Denim is last out of the gate, and the discrepancy between her runway and her challenge performance is a good barometer of where Denim is in this competition. Her runway look, made of garters, is so inventive and cute, and clearly stands out in terms of her thoughtfulness in her drag. However, her lack of confidence in the Rusical means her runway can’t save her, and she lands in the bottom two next to Kiki. (Notably, these two are the same ones who lost their first-round lip syncs last week.)

“The judges will deliberate … finally!” Brooke Lynn announces, reminding us the Golden Beaver twist is officially over. (Also, Brooke Lynn’s quote was fully me watching Season 15.) Aurora ultimately wins—I might have given it to Venus, but I think things are pretty even across the board for the top three this week—while Venus and Nearah score high and Melinda is called safe. Denim and Kiki must lip sync to Jully Black’s version of “Seven-Day Fool,” and let me tell you, this is fun. Both of them have a blast with the song, as does everyone in the room. Venus once again wins the prize for killing the lip sync from the back of the room, while Brooke Lynn looks just about ready to hop up on stage and start performing with them.

In the end, I actually disagree with the final judgment, as Denim wins and Kiki goes home. While I think both queens gave good performances, Kiki seems much more in tune with the spirit of the song, while Denim pulls out a couple of stunts (including a pretty crunchy split) that feel mismatched. But I can understand how, narratively, Denim still has some room to grow, while it feels like Kiki is struggling to stand out. But even though she’s going home, Kiki should take heart: if this Rusical proves anything, it’s that you don’t have to win the Race to make your own victory.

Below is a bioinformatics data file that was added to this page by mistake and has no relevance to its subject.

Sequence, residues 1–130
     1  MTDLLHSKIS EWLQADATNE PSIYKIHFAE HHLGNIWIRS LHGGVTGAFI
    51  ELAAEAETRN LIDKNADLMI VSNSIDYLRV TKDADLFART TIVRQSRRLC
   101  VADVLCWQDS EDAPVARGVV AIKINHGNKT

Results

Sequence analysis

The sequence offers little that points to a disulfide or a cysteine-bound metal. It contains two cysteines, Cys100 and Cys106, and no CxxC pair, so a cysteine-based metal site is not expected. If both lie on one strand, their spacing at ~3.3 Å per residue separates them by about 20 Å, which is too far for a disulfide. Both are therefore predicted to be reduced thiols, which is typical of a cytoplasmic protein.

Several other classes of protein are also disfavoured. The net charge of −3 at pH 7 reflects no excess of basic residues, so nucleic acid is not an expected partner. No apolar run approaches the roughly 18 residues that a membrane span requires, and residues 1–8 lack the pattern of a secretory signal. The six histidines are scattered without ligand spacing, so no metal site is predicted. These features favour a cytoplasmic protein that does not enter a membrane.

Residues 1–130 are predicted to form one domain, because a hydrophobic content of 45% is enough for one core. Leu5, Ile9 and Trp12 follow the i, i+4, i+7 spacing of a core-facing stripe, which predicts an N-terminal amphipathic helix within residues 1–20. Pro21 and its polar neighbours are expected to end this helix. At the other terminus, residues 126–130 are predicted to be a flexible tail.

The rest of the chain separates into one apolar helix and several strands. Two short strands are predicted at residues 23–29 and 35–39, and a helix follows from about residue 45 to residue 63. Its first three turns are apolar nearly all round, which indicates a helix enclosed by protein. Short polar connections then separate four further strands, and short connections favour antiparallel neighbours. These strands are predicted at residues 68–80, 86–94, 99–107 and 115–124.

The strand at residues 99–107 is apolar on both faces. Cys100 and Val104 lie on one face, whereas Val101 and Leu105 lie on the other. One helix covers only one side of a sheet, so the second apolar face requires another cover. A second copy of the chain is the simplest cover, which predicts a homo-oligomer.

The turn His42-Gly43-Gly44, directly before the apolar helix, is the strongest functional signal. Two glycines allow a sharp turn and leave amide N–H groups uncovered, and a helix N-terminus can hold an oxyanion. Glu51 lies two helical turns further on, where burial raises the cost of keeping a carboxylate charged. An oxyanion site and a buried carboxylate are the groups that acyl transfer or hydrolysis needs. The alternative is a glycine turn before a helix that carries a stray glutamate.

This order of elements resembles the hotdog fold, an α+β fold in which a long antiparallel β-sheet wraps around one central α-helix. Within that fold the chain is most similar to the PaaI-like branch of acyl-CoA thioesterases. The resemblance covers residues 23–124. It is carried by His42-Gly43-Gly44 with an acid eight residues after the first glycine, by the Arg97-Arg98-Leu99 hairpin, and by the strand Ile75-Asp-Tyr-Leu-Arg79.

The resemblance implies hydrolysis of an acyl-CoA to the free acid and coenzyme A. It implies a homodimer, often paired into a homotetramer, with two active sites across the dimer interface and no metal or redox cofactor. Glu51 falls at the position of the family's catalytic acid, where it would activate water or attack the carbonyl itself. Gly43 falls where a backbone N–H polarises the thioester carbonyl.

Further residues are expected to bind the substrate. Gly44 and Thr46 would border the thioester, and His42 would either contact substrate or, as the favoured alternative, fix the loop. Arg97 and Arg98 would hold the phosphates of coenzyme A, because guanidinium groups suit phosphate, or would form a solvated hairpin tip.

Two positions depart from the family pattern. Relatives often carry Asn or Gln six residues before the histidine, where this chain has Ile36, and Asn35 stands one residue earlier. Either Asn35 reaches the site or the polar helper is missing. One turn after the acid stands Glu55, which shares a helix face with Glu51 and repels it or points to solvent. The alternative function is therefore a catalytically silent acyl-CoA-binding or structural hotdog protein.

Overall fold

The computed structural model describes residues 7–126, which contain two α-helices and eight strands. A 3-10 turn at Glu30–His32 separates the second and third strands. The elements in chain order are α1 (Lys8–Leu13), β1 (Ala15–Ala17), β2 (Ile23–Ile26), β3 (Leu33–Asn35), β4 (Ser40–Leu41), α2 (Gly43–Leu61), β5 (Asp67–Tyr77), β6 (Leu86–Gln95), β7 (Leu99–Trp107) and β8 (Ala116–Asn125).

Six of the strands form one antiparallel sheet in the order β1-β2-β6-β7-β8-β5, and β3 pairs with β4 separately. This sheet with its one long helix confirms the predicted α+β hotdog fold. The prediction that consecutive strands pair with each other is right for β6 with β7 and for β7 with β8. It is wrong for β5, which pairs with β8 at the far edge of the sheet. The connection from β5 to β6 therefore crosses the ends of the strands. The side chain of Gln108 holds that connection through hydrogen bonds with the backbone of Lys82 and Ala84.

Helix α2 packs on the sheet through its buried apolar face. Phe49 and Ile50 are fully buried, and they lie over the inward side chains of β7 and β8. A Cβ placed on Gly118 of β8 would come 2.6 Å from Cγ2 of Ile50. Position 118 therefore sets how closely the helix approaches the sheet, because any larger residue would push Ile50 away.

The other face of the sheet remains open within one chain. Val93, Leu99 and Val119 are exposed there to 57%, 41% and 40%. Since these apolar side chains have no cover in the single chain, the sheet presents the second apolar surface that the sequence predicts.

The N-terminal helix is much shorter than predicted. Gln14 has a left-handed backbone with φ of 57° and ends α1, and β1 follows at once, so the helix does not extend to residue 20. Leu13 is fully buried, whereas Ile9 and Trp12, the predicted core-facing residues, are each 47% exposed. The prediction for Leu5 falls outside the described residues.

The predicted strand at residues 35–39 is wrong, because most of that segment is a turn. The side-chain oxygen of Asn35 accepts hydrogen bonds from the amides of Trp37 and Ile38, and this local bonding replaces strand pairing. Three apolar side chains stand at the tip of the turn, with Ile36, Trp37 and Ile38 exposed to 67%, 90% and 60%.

Money can’t buy you final thoughts

Okay, I know we ordinarily dig into all sorts of random ephemera down here, but this week I’m dedicating this whole section to the woman of the hour: our guest judge, Luann de Lesseps. The Countess and current Real Housewives Ultimate Girls Trip: RHONY Legacy star gave us so many amazing little moments in just one judging stint that I can’t help but *extremely Bethenny Frankel voice* mention it all!

It’s always amazing to me what a handle Lu has on all her various catchphrases and memes. It’s very Drag Race queen-coded, honestly. When she effortlessly pulls out a “be cool, don’t be all uncool” during a critique? Gorgeous.